- Created by: Chloe
- Created on: 28-05-12 08:23
- Hippolytus is a mortal prince who prefers chastity and hunting to the pursuits under Aphrodite’s purview. He therefore worships Artemis, goddess of the hunt and virginity, to the exclusion of Aphrodite, goddess of love.
- Furious at this slight, Aphrodite avenges her honor by causing Hippolytus’ stepmother, Phaedra, to fall in love with him. When the horrified Hippolytus rejects Phaedra, she hangs herself out of shame, but not before writing a letter accusing her stepson of ****** her.
- Upon reading the note, Hippolytus’ father, Theseus, curses his son, which leads to Hippolytus’ death.
- In the last scene, Artemis appears to reveal the truth to Theseus and comfort her dying protégé. Before she vanishes, Artemis promises to avenge Hippolytus’ death by inflicting a comparable punishment on Aphrodite’s next mortal favorite.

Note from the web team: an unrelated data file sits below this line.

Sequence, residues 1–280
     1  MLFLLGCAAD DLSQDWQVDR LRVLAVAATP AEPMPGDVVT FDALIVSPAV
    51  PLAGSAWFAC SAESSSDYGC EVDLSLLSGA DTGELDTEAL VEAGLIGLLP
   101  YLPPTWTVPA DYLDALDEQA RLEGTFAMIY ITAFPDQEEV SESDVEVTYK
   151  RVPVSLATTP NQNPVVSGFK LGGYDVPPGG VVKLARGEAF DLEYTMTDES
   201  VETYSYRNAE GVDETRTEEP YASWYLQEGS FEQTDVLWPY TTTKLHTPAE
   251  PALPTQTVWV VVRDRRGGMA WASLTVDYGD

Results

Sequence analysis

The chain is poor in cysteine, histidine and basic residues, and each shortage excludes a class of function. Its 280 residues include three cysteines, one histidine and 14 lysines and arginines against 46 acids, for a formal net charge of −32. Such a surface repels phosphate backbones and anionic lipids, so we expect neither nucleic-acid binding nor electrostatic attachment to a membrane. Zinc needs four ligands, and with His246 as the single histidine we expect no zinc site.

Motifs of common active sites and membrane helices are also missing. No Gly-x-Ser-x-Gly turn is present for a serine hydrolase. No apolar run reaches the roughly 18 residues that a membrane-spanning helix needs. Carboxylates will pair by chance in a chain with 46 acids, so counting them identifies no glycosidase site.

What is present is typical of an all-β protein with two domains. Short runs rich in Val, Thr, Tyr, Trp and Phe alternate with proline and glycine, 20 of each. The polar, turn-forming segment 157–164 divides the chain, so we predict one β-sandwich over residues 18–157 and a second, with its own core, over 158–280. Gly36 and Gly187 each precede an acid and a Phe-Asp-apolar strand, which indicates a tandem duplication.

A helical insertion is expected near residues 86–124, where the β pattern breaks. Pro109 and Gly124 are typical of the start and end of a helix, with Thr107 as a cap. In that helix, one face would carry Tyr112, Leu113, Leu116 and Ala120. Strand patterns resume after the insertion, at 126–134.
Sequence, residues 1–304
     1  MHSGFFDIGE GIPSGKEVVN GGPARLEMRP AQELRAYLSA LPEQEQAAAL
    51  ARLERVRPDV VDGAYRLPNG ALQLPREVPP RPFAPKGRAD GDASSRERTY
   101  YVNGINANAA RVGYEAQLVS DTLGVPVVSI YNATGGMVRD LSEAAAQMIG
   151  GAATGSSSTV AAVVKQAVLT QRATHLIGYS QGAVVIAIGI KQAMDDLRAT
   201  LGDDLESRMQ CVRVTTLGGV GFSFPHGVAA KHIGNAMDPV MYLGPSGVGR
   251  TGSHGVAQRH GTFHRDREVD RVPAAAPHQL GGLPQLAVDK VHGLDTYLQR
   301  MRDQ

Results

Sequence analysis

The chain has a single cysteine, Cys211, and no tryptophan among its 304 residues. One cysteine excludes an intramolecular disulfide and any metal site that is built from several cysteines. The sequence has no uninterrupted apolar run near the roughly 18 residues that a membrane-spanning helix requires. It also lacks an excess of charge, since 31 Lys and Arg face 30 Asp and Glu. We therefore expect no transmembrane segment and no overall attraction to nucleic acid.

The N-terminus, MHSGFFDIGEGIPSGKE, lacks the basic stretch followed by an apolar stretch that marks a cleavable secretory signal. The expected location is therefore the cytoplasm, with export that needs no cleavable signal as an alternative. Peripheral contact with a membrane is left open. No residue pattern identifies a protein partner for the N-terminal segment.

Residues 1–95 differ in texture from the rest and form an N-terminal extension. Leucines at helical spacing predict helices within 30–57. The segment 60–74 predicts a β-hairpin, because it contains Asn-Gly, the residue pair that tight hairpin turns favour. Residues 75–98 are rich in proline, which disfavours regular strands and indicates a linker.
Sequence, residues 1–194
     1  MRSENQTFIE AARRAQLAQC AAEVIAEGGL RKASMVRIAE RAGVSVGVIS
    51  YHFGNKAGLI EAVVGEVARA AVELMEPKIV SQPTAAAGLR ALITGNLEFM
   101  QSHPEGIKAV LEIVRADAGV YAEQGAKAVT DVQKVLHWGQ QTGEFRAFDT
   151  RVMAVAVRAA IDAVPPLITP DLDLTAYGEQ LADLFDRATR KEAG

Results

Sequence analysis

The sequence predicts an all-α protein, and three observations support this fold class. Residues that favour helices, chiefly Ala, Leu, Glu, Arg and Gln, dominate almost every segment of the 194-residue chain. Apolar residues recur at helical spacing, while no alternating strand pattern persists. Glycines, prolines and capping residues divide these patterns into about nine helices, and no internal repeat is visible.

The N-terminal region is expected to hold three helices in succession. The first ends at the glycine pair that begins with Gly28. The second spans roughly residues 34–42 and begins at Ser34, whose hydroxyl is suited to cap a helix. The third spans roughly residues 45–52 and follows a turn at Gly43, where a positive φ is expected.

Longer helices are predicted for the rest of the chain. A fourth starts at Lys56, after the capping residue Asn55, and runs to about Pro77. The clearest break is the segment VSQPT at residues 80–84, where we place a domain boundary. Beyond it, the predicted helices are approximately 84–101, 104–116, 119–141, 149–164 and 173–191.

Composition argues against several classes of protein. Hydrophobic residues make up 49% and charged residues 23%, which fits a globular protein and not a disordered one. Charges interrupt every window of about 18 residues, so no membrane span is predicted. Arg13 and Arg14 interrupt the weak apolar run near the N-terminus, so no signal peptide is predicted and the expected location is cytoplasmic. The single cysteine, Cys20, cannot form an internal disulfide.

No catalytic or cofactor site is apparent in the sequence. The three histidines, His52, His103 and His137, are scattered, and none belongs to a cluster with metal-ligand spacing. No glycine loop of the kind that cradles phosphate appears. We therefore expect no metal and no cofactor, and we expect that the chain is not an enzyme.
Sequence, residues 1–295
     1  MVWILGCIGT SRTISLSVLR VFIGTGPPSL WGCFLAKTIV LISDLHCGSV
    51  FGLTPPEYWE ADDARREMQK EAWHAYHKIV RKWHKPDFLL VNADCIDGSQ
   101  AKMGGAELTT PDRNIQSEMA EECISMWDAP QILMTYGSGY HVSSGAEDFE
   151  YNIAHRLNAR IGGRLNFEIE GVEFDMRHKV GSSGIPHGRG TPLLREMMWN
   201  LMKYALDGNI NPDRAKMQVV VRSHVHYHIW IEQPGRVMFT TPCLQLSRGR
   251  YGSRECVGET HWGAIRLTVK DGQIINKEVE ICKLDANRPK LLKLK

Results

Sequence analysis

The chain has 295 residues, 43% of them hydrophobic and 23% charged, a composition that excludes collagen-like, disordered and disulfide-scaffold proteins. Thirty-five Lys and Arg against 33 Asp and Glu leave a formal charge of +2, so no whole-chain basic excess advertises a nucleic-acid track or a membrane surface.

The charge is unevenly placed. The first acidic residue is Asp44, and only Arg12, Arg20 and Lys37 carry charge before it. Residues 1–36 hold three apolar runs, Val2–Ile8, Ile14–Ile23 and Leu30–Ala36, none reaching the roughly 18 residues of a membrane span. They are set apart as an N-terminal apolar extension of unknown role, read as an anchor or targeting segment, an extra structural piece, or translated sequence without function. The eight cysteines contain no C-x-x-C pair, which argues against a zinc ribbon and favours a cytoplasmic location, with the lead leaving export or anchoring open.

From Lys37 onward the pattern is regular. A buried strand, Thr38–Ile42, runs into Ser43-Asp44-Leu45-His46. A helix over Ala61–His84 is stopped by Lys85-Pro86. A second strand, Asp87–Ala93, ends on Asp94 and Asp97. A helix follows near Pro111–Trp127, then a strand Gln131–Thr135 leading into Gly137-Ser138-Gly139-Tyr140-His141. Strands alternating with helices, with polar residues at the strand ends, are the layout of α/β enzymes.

- This play, titled Hippolytos Stephanophoros (Hippolytus Crowned) or simply Hippolytus, is generally believed to have corrected the characterizations that made the first version so unpopular. This belief originated with Aristophanes of Byzantium, and many modern scholars continue to hold this view.In this reading, both Phaedra and Hippolytus remain chaste and share some of the responsibility for their tragic fates. Instead of a brazen Phaedra propositioning Hippolytus, the nurse betrays her mistress, which results in the downfall of these two characters. Ultimately, all characters seem to be absolved of their moral responsibilities. Rather, Aphrodite receives blame for the deaths of Hippolytus and Phaedra, and the conclusion of the play establishes ongoing strife between the goddess of love and the goddess of chastity. Athenian audiences responded more positively to this reworked version of the Hippolytus myth. Hippolytus was first performed for the City Dionysia in 428 B.C.E. and won first prize.